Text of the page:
On top of the possible health hazards of fine dust pollution the simple volume of fireworks can be dangerous too! Alone in Germany (I’m sorry for all the data from Germany, but I spent New Year’s there :-D) around 8000 people are suffering from damage to the inner ear each New Year’s Eve, with about one third of them suffering permanently.

Another environmental problem of fireworks is the fact, that there is still unburnt residues inside, like propellants or colorants, which in turn can pollute lakes and rivers. One exemplary residue is Perchlorate, which is associated with thyroid problems.

Maybe all of us should think about reducing our use of fireworks and instead enjoy watching all those firework explosions of our neighbors.

If you like to read something from a rather chemical perspective about greener fireworks or their ingredients, I’d recommend this article: http://www.bbc.com/future/story/20120611-greener-cleaner-fireworks




http://www.umweltbundesamt.de/sites/default/files/medien/479/publikationen/hgp_wenn_die_luft_zum_schneiden_ist_0.pdf (in German)



Non-invasive gamma oscillations show promise for reducing amyloid plaque

It is well established that Alzheimer’s disease (AD) is a fatal neurodegenerative disorder, which currently afflicts ~5.4 million Americans1. There are five FDA drugs approved to treat the debilitating symptoms of AD1, but no therapeutic to date can alleviate the underlying pathology. Recently, solanezumab, an experimental AD drug developed by Eli Lilly, failed to significantly slow the progression of cognitive decline in a phase 3 clinical trial2. Failure of this AD drug, and many others, is complicated by both the heterogeneity of AD and the extensive anatomical damage caused by the disease. A common hypothesis is that by the time AD symptoms emerge, neurological injury is beyond repair. To circumvent these issues, ideal AD treatments would be non-toxic, non-invasive, and prophylactic.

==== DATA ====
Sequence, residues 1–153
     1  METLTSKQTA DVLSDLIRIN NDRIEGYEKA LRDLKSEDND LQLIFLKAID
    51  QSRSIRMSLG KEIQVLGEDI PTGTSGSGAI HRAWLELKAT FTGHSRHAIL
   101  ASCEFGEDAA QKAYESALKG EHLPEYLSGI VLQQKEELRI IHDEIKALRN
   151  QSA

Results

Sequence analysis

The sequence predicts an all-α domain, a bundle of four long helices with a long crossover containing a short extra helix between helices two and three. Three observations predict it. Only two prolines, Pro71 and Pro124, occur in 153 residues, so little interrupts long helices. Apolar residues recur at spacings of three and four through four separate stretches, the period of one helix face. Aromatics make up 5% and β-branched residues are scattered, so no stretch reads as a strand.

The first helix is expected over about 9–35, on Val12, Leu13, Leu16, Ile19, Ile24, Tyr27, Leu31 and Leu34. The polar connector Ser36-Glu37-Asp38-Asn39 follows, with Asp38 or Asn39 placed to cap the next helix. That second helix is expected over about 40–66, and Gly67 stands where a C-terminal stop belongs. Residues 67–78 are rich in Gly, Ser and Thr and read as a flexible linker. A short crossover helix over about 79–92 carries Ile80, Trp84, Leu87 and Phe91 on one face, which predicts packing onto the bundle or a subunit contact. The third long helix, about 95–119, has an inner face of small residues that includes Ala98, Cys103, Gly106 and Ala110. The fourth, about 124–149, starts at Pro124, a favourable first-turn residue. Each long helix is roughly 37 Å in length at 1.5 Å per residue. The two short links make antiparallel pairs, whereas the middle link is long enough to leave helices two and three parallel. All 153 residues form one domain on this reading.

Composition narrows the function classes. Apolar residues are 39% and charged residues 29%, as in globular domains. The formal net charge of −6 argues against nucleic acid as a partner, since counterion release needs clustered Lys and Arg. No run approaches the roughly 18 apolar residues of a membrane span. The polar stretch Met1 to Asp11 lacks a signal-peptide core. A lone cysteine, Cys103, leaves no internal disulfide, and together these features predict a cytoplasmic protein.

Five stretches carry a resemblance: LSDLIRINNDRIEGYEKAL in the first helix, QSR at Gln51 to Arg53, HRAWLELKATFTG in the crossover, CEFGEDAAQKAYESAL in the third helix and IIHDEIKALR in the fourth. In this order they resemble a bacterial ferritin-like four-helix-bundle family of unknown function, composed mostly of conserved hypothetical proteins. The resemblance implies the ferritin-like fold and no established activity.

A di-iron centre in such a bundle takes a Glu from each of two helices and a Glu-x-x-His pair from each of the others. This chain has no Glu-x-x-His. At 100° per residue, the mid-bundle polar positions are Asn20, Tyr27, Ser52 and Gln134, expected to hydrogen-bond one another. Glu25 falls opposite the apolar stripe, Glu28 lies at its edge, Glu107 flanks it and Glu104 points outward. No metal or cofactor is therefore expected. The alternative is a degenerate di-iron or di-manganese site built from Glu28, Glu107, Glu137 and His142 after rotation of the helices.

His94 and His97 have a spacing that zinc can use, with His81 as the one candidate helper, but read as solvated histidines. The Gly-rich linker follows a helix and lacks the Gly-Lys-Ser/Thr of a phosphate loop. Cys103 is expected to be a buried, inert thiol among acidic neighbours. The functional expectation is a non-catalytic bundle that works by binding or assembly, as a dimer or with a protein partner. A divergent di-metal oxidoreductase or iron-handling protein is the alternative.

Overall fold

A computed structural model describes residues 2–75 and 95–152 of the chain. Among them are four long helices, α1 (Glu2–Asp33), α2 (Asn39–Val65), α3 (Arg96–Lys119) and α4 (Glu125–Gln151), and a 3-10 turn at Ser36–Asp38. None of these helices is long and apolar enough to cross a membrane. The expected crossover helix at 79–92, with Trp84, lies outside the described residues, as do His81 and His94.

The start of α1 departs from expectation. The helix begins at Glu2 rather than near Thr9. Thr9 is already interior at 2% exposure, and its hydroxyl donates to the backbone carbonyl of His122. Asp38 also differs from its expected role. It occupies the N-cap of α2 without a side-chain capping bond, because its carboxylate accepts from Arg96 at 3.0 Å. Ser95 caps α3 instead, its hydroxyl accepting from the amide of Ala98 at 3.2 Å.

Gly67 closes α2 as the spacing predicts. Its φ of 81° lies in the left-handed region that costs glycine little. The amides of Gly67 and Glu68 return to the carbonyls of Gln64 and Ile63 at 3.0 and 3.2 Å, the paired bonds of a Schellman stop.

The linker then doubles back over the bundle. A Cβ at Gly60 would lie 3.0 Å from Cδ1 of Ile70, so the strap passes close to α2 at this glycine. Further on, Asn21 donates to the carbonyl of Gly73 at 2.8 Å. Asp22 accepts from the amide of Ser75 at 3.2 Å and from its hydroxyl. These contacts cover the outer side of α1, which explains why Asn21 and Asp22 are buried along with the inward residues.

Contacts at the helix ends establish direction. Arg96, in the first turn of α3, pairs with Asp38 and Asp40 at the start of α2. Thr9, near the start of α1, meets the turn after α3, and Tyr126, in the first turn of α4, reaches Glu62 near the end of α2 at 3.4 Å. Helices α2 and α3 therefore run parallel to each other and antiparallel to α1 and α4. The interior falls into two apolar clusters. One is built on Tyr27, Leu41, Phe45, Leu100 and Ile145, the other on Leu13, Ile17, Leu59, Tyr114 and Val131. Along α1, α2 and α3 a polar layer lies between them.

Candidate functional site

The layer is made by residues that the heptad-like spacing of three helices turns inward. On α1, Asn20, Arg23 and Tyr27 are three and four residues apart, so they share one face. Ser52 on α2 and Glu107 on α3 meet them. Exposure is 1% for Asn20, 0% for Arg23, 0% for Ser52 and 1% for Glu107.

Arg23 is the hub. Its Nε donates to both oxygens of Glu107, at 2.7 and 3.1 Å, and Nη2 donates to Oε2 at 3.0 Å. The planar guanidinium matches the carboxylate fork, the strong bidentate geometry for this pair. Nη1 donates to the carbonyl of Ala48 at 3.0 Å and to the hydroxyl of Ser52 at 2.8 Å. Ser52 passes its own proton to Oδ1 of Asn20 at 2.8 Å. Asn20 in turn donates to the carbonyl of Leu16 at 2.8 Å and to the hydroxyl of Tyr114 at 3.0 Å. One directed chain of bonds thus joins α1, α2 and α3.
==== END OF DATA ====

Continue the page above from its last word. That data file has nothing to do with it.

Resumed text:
A recent report from Iaccarino and Singer et al. identified a non-invasive light-based intervention to reduce Aβ plaque formation (a hallmark of AD pathology) in AD mouse models3. This study established a link between gamma waves (a particular type of neural oscillation) and AD-related neurotoxicity. First, the authors determined that gamma waves were reduced in the hippocampus of pre-symptomatic AD mice (5XFAD model) as compared to wild-type controls, through electrophysiological recordings. To better understand the function of gamma waves, mice were engineered using optogenetics to produce 40 hertz (Hz) gamma oscillations upon pulses of light in a specific region of the brain (fast-spiking parvalbumin interneurons). One hour of gamma wave production was sufficient to reduce Aβ protein levels by ~40% as determined by enzyme-linked immunosorbent assays (ELISA) and immunohistochemistry (IHC). Next, authors investigated gene expression profiles altered by gamma wave production through RNA sequencing. Interestingly, genes associated with the engulfing state of microglia (immune cells of the brain) were enriched. As determined by IHC, microglia were enlarged and co-localized with Aβ plaques, suggesting that gamma waves stimulated microglial-mediated phagocytosis of Aβ.